Quality Assurance

Quality Assurance

Tools and Resources for Evaluating and Improving Direct Services

Checklist for Observing Staff on Site Visits

Observing direct service staff working with consumers is an important task for supervisors.  See first-hand how direct service staff full fill the mission of the agency.

Other Observation May include: 

  • Case file reviews 
  • Financial record reviews 
  • Interviews with staff 
  • Attend a sight loss support group 
  • Observe a group or individual instructional session 
  • Observe an intake or assessment 
  • Attend a staff meeting 

Here are some points to consider:

A Week Before Site Visit 

  • Confirm dates and times for site visit 
  • Provide a short handout on the purpose of the site visit, if agency has more than one employee, encourage this document to be shared with all agency staff 
  • Share a projected schedule of events to occur during the site visit 

    Site Visit 

    • Greet and introduce yourself to staff, be prepared to explain the purpose of your visit in case they did not read the handout provided previously and be prepared to answer any questions about the purpose. 
    • Follow schedule of event

    What to look for:

    • Are staff dressed professionally or appropriately for the activity? 
    • Do staff conduct themselves with professionalism and respect? 
    • Do staff follow confidentiality protocol? 
    • Are forms being used appropriately? 
    • Are staff attentive and observant of consumer’s needs? 
    • Do staff allow consumers to do/demonstrate tasks? 
    • If not the first appointment, do staff review and follow up on instruction provided in previous appointment/s? 
    • Do staff provide appropriate resources in appropriate situations? 
    • Do staff provide information at an appropriate pace? 
    • Is documentation completed in a timely manner? 
    • Are background checks on file for the appropriate staff? 


    • Look at the case notes that result from the observed visit to see if information is accurately documented. 
    • Encourage staff by complimenting them if they do a good job with something. 
    • Ask staff about how they handle difficult situations 
    • Ask staff if they have any tips they would like to share with others across the state. 
    • Reinforce team work both with you and with other community agencies and other vendors. 
    • Provide feedback about how the vendor did in your review. (If they don’t know what they did well or what to improve, they probably won’t improve.)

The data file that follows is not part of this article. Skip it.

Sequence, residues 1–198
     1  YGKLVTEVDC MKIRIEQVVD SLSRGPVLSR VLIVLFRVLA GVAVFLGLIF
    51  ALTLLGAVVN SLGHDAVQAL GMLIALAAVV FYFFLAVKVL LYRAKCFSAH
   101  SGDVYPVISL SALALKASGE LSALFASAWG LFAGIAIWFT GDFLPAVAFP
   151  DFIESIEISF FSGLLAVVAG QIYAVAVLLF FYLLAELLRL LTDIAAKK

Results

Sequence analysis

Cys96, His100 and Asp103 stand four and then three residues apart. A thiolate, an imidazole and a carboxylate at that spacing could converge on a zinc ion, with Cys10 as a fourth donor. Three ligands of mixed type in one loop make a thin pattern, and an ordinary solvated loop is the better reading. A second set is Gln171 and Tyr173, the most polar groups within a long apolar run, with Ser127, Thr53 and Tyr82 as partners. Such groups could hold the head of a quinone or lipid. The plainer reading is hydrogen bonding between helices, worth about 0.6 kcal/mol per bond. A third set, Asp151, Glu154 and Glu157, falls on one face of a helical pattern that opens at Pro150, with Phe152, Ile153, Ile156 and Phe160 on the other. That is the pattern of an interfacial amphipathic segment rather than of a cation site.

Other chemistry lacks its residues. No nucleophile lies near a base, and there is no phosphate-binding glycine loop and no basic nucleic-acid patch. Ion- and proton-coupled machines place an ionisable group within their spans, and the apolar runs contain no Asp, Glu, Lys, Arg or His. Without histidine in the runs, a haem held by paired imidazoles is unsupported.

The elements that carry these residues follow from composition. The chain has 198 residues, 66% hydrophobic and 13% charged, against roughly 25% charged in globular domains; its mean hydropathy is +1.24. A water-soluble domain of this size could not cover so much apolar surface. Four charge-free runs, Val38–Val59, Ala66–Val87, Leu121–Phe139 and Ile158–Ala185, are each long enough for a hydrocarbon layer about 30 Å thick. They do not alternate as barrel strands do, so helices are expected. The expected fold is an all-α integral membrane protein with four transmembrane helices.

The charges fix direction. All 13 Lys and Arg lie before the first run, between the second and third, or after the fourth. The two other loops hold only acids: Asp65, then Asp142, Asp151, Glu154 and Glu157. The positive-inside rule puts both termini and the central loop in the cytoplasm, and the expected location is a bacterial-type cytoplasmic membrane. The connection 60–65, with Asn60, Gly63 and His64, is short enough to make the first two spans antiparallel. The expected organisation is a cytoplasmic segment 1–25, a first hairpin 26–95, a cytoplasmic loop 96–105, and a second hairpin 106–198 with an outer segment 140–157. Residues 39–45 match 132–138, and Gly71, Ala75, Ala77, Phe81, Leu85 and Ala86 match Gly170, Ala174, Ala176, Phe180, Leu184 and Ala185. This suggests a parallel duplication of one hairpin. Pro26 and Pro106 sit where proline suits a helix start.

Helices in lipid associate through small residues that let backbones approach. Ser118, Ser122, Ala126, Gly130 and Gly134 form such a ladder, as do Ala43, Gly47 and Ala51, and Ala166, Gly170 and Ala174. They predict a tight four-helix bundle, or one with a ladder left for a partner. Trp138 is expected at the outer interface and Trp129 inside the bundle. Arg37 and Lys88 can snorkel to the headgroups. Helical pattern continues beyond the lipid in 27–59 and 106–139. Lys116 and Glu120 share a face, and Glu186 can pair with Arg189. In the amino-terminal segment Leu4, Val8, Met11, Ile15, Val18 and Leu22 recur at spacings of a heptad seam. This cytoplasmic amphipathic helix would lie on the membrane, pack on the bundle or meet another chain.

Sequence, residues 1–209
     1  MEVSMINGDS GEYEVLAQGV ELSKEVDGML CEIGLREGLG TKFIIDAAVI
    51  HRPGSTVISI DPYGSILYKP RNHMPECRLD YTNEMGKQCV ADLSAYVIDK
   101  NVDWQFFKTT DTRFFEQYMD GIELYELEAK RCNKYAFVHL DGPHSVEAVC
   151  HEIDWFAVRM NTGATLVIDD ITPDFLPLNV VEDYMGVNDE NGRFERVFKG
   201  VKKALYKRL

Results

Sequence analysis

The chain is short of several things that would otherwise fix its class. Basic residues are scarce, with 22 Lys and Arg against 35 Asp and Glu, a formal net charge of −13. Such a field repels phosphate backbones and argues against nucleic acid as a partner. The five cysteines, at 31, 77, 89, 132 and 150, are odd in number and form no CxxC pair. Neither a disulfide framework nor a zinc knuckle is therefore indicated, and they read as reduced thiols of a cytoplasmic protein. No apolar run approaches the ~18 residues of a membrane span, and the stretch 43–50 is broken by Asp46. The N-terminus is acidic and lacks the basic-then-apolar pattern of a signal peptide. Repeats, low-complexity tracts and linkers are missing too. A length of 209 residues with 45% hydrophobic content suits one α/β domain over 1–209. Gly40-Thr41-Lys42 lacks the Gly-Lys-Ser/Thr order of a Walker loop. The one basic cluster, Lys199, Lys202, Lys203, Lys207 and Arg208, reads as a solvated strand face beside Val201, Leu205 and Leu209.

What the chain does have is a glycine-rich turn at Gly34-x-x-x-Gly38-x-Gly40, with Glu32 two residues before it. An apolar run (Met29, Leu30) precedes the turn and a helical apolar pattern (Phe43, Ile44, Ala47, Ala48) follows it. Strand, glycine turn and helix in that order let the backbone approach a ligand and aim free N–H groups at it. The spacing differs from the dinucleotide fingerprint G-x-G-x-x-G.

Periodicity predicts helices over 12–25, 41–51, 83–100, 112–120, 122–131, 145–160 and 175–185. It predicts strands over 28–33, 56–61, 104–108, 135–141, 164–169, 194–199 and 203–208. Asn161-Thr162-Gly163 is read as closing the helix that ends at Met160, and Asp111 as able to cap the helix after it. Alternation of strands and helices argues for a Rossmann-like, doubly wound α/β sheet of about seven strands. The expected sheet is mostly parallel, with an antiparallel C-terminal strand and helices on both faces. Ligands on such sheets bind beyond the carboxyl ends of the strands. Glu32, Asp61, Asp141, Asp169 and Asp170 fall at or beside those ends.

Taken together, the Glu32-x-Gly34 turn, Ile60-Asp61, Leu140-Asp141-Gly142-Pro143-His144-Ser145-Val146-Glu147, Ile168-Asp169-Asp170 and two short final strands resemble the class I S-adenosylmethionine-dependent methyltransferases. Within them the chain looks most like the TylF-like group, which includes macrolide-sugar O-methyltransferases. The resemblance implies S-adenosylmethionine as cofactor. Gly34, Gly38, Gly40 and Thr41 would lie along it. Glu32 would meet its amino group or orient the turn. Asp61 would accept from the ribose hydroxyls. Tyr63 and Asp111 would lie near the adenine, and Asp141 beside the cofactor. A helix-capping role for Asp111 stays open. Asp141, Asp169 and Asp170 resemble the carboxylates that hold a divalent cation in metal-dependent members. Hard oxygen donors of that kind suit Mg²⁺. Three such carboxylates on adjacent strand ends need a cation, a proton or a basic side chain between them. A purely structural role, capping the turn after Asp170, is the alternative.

Sample Documents

    Quality Braille Materials Matter

    Provision of materials in braille, either in hardcopy or electronic format, demonstrates and agency’s commitment to accessibility and inclusion.

    •    Letters to consumers
    •    Promotional materials
    •    Business cards
    •    Materials for advisory or other boards
    •    Resource lists for consumers

    Just as print materials are subject to formatting and spell-checking, braille materials should be held to equal standards for accuracy, usability, and correct formatting.

    Producing Braille Materials: Helpful Details to Know

    •    Paper comes in two standard sizes 11-1/2”x11” or 8-1/2”x11”.  Embossers use paper with continuous track feed.  The paper is perforated, and each page must be separated prior to assembling a document or multiple copies of a document.

    •    Braille page numbers typically appear in the bottom right corner of the braille page.  These refer to the braille pages and may not correspond to print page numbers.

    •    Unified English Braille (UEB) contracted braille is the standard for translation.

    •    Interpoint embossing (printing braille on both sides of the page) is customary.

    •    Duxbury is a commonly used braille translation software available for purchase.  Word documents and other file formats can be imported and translated, ready for embossing. Free translation software may meet your needs.  Learn more about Braille Blaster from the American Printing House for the Blind.

    •    Braille translation programs are not perfect and normally require someone who knows braille to fix the errors.

    Working with Braille Transcription/Production Vendors: Questions to Consider

    Just as you would check print materials prepared by outside companies, always check the work of companies who commercially produce braille to ensure they are delivering a quality product.